Equal access to independent, impartial and non-discriminatory justice is a human right and also key to the realisation of all other human rights, including the rights to non-discrimination and gender equality.

Justice systems are influenced by predominant cultural norms, including gender roles. Women have specific needs and face specific barriers when accessing justice, including socio-economic issues (e.g. lack of resources, of legal literacy or issues related to language for migrant women), fear of stigma and reprisal and cultural perceptions of men as primary rights-bearers. Gender stereotyping among justice professionals and emphasis placed on using out-of court settlement procedures, often leaving women at a disadvantage, are specific obstacles. A research  showed that, between November 1998 and March 2006, women submitted only 16% of applications to the European Court of Human Rights.  The different actors (victims, law enforcement officials, legal professionals) often lack knowledge about gender-specific standards, in particular as regards gender-based discrimination, gender-based violence and asylum. It is also necessary to ensure the gender-sensitiveness of services and procedures for victim protection, legal aid and detention conditions (e.g. specialised services for victims of gender-based violence; health, hygiene, privacy and security conditions adapted to the needs of women – both as victims and offenders). Finally, women are still under-represented in the highest levels of the judicial hierarchy in Europe, such as among presidents of courts or heads of prosecution offices.


Gender mainstreaming and justice at the Council of Europe


Guaranteeing equal access of women to justice is one of the six objectives of the Council of Europe Strategy for Gender Equality 2018-2023 and a number of activities have been undertaken in this area since 2014. The 2017 Analytical Report on the balanced participation of women and men in decision-making contains data on the number of women in certain courts and judicial organisations. A co-operation project implemented in the six Eastern Partnership countries and aimed at supporting the removal of obstacles for women’s equal access to justice, developed a Training manual for judges and prosecutors on ensuring women’s access to justice. The Council of Europe Plan of Action on Strengthening Judicial Independence and Impartiality, adopted in April 2016, contains a number of references to gender equality issues and specific actions are required in this field.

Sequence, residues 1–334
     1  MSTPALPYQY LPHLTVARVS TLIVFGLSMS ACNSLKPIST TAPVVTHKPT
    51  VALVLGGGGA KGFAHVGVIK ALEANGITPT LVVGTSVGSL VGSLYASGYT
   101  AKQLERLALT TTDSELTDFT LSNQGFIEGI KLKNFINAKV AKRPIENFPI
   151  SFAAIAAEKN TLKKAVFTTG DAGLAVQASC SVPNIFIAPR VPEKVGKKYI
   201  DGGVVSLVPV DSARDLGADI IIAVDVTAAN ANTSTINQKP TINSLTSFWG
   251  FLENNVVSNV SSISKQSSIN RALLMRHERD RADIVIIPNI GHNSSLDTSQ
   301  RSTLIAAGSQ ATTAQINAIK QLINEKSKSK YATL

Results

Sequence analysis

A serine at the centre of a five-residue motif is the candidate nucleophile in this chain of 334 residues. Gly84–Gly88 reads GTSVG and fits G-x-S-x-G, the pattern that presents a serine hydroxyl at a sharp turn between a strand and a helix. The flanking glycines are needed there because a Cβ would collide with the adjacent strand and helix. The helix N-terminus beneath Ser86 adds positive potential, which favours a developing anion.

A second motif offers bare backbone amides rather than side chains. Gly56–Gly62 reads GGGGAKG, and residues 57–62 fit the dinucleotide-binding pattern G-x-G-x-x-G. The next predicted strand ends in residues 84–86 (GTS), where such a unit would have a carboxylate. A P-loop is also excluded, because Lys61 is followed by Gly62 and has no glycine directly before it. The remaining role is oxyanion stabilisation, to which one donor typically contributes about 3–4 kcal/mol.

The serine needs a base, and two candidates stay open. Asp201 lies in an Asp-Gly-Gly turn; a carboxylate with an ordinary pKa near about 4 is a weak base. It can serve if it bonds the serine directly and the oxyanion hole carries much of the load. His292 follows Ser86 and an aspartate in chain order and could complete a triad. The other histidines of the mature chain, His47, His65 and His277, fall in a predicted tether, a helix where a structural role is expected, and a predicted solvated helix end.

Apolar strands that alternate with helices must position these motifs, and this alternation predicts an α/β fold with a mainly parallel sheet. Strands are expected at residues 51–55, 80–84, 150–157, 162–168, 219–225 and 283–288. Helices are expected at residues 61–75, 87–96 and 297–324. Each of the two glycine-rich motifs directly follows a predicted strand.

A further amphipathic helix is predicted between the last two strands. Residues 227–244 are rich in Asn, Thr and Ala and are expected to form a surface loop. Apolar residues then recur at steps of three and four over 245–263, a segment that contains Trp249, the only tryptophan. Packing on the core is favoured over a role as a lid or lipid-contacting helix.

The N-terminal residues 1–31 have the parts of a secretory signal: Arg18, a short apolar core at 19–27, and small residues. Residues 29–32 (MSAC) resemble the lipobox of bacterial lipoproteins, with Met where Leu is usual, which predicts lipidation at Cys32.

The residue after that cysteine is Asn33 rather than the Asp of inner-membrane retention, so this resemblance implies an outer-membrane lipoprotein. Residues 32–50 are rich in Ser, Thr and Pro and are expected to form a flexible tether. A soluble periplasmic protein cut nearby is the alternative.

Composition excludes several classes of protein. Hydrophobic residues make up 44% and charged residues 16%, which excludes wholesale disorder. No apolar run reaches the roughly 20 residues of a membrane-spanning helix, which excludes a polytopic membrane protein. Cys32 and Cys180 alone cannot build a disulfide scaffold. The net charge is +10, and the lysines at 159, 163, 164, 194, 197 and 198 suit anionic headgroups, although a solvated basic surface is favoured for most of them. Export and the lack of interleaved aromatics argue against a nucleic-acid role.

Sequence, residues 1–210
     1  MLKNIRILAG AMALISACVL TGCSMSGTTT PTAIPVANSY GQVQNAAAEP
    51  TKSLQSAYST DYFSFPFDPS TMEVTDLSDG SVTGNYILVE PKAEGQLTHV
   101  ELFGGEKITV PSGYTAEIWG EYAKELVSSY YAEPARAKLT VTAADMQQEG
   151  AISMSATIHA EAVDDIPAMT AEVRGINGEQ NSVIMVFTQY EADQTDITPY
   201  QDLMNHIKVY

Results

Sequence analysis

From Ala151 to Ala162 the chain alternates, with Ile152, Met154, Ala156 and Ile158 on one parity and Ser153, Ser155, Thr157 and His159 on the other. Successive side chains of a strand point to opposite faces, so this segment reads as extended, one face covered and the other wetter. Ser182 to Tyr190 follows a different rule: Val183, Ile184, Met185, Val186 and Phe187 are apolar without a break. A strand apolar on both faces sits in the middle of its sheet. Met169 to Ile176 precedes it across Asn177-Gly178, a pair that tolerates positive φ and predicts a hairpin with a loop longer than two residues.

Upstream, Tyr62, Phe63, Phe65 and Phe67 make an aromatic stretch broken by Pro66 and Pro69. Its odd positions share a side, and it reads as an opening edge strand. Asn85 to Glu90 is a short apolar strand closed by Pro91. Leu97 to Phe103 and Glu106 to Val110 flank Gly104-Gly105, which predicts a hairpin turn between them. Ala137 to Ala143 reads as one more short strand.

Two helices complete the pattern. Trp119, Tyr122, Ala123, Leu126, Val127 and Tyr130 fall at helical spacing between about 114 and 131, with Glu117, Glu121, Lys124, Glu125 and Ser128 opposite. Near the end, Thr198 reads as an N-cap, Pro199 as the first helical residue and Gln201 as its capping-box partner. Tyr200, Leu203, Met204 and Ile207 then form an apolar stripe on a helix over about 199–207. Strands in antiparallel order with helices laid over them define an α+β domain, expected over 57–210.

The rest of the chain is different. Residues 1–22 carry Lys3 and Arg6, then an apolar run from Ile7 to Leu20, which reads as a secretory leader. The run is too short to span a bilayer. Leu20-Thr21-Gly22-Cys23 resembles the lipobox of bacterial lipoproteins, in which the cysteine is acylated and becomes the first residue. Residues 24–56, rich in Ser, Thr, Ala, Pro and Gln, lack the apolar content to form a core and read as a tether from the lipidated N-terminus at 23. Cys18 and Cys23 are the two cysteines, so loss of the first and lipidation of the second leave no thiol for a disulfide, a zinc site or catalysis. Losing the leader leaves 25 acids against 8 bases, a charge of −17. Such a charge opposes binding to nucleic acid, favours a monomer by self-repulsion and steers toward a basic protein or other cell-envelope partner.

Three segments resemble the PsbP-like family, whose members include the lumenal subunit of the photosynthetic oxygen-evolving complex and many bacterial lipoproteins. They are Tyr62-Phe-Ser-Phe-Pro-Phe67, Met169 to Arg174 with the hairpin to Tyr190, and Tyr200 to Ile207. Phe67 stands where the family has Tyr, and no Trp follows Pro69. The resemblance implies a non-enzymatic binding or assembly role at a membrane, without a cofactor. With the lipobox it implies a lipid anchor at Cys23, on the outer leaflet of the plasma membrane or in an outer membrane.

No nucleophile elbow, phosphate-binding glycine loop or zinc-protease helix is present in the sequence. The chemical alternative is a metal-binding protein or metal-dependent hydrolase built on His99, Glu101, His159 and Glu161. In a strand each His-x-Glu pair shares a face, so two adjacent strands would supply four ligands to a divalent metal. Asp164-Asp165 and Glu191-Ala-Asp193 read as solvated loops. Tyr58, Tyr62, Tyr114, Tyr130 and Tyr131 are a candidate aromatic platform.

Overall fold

The European Commission for the Efficiency of Justice (CEPEJ) carries out regular evaluations of the judicial systems of Council of Europe's member states. These biannual reports contain detailed data about the number of women and men within justice systems (see reports for 2010, 2012 and 2014), and some information about legislation regarding crimes of violence against women. The 2016 Report "European judicial systems – Edition 2016 (2014 data): efficiency and quality of justice" showed that although there is parity, on average, between women and men judges in all jurisdictions, there is a decrease in the percentage of female judges as we move up in the judicial hierarchy. In October 2017, CEPEJ published a dashboard on gender equality in courts and prosecution services.


The European Committee on Legal Co-operation (CDCJ) started to include a  gender equality perspective into its work by undertaking a gender impact analysis regarding the administrative detention of migrants in 2016; the Committee also adopted  the document “Gender Equality in the CDCJ: Methods and implementation.


The Committee for the Prevention of Torture and Inhuman or Degrading Treatment or Punishment (CPT) is planning an analysis of their working methods and tools to better integrate gender equality considerations in the planning and conduct of their evaluation visits. The CPT also published a Factsheet on women in prison. The Consultative Council of European Judges (CCJE) is preparing a study on gender equality on the basis of a questionnaire distributed to its members in the autumn 2017. The Committee of Legal Advisers on Public International Law (CAHDI) included questions on gender equality in its questionnaire on the “Organisation and functions of the Office of the Legal Adviser of the Ministry of Foreign Affairs”.  Answers to this revised questionnaire can be consulted in the CAHDI databases. The Cybercrime Convention Committee is preparing a report to map out the issue and tools against cyber bullying and violence against women and children, the results of the mapping will be presented in an Octopus conference in July 2018.


See also sections on corruption and money laundering and on counter-terrorism.